Business preparedness not just about technology

Jan. 30, 2009

Our friend, mentor and blogger Curtis Baillie (Security2LP blog), wrote a great blog post recently on the topic of crisis management operations, and I was thinking of his work when I received a press release from, a discount retailer of security systems. The 2020 founder Joe Masciocco gave these as his 5 ways to plan for business preparedness:

5 tips for businesses ready to start a preparedness plan:

  1. Prepare for Emergency Lock Down – This could be due to a natural disaster, access control breach, terrorism or criminal event. Proximity Card or Biometric security systems are just one of many ways to secure entry and exit of the physical premises and greatly enhance immediate command of the situation. Security systems can be configured to control doors, elevators, equipment and software remotely or on site.
  1. Control Access Day to Day – Many businesses have not yet considered what they would do if someone walked off the street into their place of business, but doing so can have significant benefits in managing access for employees, customers and vendors, promoting protection of day-to-day business operations. This can be achieved through smart cards and readers, intercom, surveillance camera, biometric or keypad entry systems.
  1. Promote a watchful eye – Use surveillance systems using dome cameras, closed circuit TV (CCTV) to discourage inappropriate or illegal behavior in areas of public access or sensitivity. Cameras, digital video recorders (DVRs) and monitoring systems are available in a wide variety of form factors suitable to any budget and can easily integrate into more sophisticated security systems.
  1. Prepare for disaster recovery of your IT assets – The most valuable asset of most organizations is their data, which is maintained and archived on premises. But what if there were a fire or unexpected impact on your premises? Planning to back up your data regularly and storing remotely can greatly improve your ability to resume operations after an unplanned or catastrophic event.
  1. Build an immediate, 1 year and 5 year security plan – When your business grows, so will your assets. Continuity is dependent upon planning and implementation, so take pen to paper and determine what requires protection and how you will achieve that level of security now and as your business evolves.

It's a decent place to start, but the most important thing, before buying DVRs and access control and biometric devices, is to do the planning. No matter how many DVRs you have or whether you can do a lockdown remotely, it doesn't mean your business will survive a catastrophe. Admittedly, this retailer wants you to buy products, so his tips are mainly geared toward technology, and we don't fault him for that since it is how he makes his money. However, if you want to do crisis planning and business preparedness correctly, you need more.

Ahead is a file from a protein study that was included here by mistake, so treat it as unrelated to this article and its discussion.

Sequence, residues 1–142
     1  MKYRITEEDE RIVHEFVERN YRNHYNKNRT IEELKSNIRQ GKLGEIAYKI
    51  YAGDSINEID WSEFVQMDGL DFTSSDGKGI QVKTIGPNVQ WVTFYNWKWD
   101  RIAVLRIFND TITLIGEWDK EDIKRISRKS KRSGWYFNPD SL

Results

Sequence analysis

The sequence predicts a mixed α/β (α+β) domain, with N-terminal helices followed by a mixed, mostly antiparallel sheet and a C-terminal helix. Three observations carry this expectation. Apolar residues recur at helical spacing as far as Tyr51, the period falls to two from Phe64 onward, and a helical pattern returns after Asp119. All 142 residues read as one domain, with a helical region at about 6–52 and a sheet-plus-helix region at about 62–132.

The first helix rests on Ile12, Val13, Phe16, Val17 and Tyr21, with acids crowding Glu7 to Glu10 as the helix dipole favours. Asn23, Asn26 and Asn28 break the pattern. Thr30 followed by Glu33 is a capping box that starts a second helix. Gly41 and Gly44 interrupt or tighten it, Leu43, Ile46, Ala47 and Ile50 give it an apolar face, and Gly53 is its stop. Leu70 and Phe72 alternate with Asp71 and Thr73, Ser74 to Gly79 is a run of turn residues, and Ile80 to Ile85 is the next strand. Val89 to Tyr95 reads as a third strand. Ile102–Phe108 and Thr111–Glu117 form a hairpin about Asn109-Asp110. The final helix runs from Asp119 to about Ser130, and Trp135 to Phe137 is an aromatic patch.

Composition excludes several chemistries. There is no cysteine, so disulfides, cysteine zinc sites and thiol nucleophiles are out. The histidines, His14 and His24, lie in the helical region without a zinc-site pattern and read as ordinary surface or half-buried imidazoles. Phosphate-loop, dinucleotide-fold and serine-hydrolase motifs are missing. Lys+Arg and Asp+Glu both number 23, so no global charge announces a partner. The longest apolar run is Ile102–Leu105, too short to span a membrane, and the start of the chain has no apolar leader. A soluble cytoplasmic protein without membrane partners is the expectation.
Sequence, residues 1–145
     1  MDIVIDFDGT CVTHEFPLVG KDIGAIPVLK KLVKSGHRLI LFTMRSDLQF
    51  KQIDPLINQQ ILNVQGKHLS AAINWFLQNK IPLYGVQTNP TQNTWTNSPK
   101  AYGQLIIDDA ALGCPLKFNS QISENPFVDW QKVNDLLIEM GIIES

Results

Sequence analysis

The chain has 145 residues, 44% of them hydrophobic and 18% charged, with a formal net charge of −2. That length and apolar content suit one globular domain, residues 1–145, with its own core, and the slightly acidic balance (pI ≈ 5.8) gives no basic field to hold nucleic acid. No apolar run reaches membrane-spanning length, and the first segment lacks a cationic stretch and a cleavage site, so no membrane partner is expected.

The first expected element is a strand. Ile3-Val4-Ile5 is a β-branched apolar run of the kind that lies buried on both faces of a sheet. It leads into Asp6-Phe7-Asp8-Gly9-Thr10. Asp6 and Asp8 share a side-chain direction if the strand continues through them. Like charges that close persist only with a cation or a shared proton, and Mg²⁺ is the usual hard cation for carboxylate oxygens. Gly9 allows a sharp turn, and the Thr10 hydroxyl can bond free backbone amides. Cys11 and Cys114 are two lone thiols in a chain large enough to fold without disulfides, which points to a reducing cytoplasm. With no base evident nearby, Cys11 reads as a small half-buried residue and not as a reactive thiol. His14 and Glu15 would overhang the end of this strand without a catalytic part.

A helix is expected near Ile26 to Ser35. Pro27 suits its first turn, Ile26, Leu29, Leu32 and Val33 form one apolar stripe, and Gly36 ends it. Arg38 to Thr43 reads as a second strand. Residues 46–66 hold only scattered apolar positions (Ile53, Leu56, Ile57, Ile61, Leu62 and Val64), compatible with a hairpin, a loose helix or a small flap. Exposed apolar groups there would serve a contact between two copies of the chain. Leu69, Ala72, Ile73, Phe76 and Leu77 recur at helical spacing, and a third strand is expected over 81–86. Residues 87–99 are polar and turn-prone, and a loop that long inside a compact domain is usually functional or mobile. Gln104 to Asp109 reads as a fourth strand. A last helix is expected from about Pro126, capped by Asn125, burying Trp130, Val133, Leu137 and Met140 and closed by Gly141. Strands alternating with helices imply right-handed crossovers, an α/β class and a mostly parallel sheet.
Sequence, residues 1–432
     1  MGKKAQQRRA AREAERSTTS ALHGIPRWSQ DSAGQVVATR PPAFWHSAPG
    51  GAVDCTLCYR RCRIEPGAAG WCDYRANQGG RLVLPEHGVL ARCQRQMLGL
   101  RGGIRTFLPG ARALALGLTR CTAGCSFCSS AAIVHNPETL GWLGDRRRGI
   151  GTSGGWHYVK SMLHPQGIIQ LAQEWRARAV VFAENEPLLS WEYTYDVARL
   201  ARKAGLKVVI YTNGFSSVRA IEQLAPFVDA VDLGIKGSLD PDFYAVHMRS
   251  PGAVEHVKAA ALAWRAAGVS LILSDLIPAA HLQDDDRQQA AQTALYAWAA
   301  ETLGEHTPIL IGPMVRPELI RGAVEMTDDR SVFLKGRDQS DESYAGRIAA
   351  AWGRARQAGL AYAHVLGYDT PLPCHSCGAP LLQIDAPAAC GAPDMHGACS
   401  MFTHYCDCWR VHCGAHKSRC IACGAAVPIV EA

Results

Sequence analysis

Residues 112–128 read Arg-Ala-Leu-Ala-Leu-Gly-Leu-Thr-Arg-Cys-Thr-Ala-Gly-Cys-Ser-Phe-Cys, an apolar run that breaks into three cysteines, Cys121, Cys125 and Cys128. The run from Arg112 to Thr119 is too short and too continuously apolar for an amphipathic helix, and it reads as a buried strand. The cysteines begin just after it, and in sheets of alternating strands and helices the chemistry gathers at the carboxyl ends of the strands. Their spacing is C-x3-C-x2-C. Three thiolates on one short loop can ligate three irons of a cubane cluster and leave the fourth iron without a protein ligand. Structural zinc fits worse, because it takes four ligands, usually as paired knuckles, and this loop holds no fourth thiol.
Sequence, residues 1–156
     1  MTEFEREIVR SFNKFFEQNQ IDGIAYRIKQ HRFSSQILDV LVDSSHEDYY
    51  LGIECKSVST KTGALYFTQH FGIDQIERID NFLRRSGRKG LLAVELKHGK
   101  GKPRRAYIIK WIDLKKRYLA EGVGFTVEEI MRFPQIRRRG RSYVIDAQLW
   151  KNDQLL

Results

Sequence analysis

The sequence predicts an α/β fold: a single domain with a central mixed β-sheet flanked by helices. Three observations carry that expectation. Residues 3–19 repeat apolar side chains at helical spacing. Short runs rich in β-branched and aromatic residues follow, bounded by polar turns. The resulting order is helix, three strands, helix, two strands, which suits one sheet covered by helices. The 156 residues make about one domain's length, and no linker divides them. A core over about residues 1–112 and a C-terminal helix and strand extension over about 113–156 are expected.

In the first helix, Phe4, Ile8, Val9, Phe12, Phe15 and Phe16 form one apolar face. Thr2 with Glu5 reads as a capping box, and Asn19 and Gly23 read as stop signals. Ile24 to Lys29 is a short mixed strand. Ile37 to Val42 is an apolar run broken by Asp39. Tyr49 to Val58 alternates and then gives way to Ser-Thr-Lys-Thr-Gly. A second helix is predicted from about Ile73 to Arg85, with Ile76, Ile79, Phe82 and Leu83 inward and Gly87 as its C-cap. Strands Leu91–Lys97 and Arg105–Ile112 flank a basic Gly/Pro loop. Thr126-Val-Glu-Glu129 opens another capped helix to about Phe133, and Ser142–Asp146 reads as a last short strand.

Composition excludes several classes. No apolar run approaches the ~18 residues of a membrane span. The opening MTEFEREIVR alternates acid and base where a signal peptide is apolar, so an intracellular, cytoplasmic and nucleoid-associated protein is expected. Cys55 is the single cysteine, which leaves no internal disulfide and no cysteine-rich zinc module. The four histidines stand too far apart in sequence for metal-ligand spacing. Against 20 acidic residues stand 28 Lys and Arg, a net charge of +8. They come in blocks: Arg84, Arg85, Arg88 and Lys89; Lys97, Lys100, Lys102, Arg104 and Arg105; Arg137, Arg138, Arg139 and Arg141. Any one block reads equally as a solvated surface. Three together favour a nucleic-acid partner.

First things first, according to the earlier topic in Curtis' blog, is to define a crisis/business preparedness policy (this is point #5, to Masciocco's credit, but I think it should have been point #1). As you do that, you have to define the preparedness team and get them involved in the planning. Putting people together and getting them to think about policy is going to make everyone think about the things which are really important to their department and their operations and to the business as a whole. I encourage you, as you seek to define your own business policy, to pepper Curtis with questions. Post your question-based comments on his Security2LP blog post, or use the weblink to find his consulting business and contact him directly.

I also suggest you read a piece we published years ago by William Comtois and Tom Abruzzo called "Business Continuity Planning 101", which is an excellent introduction to business continuity planning. After that, you might point you way over to the ASIS bookstore, which has one of the finest collection of books on business continuity and disaster preparedness you can find. Be prepared to drop the cash; these specialty books aren't cheap, but neither is the value of your business.

Above all, realize that while security systems can be an effective part of business preparedness, they are not end-all-be-all, and that what is more important is to have a plan and a team ready to put that plan in action.


About the Author

Geoff Kohl | Editorial Director/Editor-in-Chief/Associate Publisher

Geoff Kohl is editor-in-chief and associate publisher of and editorial director for Cygnus Security Media magazines Security Technology Executive and Security Dealer & Integrator (SD&I). In 2011 he founded the Secured Cities conference, an urban security/municipal video surveillance conference for law enforcement and city management. In his editorial role, he has covered the security and public safety industries for eight years, and is host of SIW's webinar training series and the SIW Radio podcast program. He is also author of The Security Check blog. He can be written to at [email protected].